guard, France had assembled an imposing array of talent at the time talkies were invented.
DURING the creative years, Germany played an important part; she continued to do so during the period in which--once experimentation had resulted in a degree of stability--the cinema was to produce its finest works. The German contribution is difficult to assess, particularly after 1925, for this country turned out a number of films without any merit--light comedies which were very heavy and society dramas--exactly like similar films produced in France. These were made for purely commercial reasons, but a few of the men who had really contributed something now conscientiously continued their work with striking results, and, since at the time little was known of the Russian films and Sweden was producing hardly anything of interest, they appeared to be the most notable figures in the European field.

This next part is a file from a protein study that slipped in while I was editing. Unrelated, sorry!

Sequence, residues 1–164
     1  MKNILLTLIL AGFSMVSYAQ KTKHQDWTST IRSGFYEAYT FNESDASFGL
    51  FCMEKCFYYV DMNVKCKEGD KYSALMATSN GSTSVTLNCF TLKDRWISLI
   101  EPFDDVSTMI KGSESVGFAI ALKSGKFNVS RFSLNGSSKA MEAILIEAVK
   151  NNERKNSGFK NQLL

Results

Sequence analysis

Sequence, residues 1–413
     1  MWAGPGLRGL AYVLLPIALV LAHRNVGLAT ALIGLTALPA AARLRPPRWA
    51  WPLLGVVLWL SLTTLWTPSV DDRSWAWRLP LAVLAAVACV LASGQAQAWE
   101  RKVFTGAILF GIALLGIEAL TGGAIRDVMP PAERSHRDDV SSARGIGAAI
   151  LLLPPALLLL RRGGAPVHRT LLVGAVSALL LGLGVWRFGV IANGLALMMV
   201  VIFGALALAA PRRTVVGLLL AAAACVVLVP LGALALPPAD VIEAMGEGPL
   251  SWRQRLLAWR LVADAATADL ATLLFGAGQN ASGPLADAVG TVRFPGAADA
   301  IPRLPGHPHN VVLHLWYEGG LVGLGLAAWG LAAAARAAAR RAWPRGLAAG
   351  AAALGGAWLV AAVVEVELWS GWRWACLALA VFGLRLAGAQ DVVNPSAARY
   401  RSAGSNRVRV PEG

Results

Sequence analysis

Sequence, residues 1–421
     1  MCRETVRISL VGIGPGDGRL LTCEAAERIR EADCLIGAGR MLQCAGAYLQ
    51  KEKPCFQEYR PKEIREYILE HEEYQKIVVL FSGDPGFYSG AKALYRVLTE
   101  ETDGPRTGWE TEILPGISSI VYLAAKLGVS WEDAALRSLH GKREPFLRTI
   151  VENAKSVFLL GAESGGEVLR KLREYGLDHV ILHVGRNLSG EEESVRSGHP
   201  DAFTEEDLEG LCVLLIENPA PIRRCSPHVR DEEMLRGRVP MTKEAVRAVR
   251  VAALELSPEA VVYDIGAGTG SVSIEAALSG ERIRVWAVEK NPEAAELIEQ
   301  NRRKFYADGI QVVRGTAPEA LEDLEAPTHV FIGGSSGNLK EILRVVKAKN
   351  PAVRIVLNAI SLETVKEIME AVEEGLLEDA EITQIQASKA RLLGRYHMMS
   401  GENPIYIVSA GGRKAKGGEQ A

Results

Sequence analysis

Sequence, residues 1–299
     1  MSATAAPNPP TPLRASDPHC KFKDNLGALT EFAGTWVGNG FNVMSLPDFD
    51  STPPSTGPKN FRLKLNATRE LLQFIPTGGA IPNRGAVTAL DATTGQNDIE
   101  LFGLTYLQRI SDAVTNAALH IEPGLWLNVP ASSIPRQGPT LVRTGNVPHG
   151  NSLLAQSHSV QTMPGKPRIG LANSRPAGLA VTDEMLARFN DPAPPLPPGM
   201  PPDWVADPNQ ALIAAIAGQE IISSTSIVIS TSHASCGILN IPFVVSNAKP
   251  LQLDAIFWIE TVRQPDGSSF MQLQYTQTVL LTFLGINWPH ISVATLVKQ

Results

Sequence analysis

The elements which had made the fame of the German product were nevertheless to vanish with the posterity of Caligari. Emaciated Conrad Veidt was still to appear in terrifying and Hoffmannesque films, one of which was, inevitably, a Dr. Jekyll made to rival John Barrymore's, in which Veidt's slender silhouette was extremely effective.* But the primary interest of these attempts to endow the screen with fantasy was dissipated amid the banality of their too obvious effects. Directors who had established a reputation along these lines now merely repeated themselves or sought fresh fields.
Robert Wiene was to try to terrify us once more in TheHands of Orlac____________________